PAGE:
Let’s play out that scenario: What happens if our world is governed by that principle?
MI: In the music world, we’re already there. More and more people now prefer to pay for access to over 20 million songs than pay the same amount to own an album containing a dozen songs. The same trend has entered the world of movies (Netflix) and hotels (Airbnb). What does that mean for a bank that manages assets and property when ownership loses some or all of its importance? My team and I only look in those areas where our scenarios are pushed to the extreme and take society’s values and conventions over the edge, and where the emotional impact is high.
How would our lives change if it was more important to access a product than to own it?
MI: Look at the kind of bidirectional ratings you see with Airbnb or Uber, where consumers and providers rate each other. These ratings already affect our consumer behavior. If this trend continues until we award and receive stars for everything, we as consumers will be assigned to rating-based categories with access to certain services, but not others. If you don’t have the minimum number of stars on these platforms, all the money in the world won’t make any difference. It could theoretically lead to a huge power shift.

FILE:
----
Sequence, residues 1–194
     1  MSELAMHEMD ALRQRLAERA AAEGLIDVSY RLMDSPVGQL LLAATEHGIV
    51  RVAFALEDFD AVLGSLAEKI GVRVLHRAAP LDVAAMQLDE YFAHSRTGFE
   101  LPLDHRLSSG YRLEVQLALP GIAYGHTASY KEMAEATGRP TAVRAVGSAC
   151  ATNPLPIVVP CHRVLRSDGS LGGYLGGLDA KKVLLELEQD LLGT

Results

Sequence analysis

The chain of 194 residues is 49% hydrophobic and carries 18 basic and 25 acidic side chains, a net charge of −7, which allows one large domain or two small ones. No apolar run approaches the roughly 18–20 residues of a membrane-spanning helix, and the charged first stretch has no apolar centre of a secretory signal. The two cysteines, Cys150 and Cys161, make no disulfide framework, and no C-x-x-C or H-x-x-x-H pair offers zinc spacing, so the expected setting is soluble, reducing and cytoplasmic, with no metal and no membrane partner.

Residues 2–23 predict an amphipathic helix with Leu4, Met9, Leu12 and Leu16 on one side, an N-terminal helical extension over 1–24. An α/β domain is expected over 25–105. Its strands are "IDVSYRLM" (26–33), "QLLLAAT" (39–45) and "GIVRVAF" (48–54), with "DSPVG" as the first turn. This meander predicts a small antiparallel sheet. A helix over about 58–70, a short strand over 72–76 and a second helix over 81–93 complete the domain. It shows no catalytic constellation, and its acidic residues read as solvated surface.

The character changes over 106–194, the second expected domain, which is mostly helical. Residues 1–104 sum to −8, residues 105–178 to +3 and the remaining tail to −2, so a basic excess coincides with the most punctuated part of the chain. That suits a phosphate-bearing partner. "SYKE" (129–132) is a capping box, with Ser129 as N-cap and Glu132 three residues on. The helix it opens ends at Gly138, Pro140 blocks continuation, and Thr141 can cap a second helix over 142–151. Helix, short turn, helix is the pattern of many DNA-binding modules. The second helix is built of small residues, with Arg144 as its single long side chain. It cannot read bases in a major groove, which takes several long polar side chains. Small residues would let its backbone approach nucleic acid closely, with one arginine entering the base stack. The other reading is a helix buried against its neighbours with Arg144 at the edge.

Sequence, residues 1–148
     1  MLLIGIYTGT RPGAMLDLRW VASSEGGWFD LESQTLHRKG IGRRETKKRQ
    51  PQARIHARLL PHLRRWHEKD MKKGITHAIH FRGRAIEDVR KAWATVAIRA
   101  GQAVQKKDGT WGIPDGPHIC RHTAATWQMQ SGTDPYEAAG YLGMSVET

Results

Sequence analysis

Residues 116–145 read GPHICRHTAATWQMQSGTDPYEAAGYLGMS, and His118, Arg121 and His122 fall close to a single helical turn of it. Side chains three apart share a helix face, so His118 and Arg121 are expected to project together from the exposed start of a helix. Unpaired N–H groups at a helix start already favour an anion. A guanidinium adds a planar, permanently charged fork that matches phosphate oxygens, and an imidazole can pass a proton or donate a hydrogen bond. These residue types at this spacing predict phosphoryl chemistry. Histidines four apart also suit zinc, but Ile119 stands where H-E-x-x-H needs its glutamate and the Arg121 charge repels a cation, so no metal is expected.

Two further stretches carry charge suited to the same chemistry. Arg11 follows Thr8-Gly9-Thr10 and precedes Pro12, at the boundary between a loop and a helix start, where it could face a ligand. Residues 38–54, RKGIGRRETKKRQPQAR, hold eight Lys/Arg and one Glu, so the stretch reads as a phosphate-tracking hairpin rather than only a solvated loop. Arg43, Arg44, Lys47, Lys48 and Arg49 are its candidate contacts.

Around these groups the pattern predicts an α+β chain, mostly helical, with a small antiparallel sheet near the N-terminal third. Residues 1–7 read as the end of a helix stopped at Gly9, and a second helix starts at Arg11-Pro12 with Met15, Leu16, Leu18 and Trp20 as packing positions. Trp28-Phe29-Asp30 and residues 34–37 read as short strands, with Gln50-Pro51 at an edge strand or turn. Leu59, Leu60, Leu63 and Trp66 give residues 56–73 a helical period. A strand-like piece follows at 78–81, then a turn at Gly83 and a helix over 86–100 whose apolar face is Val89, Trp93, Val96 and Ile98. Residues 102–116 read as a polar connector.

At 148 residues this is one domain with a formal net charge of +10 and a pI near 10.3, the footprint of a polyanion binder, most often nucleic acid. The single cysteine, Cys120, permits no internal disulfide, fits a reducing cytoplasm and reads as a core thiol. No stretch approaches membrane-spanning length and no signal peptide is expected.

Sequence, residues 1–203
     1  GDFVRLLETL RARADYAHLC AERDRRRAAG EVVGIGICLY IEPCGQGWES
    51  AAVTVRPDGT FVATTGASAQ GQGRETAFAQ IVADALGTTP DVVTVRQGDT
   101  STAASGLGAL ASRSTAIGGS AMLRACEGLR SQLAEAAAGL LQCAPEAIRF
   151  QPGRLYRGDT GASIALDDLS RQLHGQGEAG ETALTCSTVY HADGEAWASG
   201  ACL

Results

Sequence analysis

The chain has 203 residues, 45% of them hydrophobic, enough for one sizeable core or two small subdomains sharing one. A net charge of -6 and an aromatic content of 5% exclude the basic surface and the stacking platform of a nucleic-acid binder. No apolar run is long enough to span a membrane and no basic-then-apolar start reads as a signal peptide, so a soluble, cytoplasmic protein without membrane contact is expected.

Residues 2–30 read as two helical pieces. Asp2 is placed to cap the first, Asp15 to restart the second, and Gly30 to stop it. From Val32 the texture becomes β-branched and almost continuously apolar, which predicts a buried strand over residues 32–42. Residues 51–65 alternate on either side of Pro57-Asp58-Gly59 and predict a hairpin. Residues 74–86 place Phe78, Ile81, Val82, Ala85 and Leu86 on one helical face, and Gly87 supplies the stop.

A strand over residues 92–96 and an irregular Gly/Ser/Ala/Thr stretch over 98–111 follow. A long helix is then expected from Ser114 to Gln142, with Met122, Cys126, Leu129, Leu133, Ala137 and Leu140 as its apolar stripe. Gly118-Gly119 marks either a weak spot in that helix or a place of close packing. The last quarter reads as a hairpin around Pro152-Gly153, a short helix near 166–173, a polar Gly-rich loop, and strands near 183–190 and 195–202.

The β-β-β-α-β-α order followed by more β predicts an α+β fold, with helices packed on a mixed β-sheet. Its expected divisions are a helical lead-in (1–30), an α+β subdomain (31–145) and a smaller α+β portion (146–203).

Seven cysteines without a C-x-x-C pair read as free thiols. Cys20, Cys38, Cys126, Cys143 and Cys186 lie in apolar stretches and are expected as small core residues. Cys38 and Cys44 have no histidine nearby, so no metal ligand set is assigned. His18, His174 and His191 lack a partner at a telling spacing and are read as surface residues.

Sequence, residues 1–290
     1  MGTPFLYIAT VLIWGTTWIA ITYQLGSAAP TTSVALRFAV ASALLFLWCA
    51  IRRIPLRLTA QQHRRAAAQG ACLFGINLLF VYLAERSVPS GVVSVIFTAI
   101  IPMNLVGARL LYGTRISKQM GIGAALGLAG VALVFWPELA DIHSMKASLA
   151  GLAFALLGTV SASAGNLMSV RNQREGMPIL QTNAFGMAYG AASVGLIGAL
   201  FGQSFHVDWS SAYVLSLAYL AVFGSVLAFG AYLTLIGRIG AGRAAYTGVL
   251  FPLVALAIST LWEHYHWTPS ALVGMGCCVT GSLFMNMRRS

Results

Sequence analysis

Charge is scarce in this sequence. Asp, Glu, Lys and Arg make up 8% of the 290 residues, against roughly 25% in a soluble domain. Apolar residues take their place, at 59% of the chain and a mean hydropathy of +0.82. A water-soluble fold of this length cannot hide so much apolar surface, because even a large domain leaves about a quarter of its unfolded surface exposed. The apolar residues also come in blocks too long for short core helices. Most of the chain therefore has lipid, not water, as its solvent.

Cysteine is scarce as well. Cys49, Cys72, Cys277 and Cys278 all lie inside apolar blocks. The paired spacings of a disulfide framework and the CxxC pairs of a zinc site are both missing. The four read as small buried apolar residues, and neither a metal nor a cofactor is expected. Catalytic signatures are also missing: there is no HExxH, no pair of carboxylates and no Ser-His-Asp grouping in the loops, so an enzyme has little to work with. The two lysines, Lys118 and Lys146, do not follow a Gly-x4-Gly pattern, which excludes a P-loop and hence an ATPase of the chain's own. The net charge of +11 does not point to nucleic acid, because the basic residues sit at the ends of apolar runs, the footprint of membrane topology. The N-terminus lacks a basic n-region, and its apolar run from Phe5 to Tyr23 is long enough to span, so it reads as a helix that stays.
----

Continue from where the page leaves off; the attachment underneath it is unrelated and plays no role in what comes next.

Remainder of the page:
And what are the implications of such a reputational system for us?
MI: That in an online world we have to build up social capital – i.e. a digital reputation – to access products and services quickly and easily. "Someone without a digital footprint will live in a “parallel world” and be excluded from many aspects of our society".
Will consumers be willing to sell their data to gain more access and influence in the marketplace?
MI: That’s the big question. Perhaps we’re on the way to a transparent society. In an extreme case, this reputation system could extend not just to providers and consumers, but also to connected things like the fridge, our electric toothbrushes, and even our homes.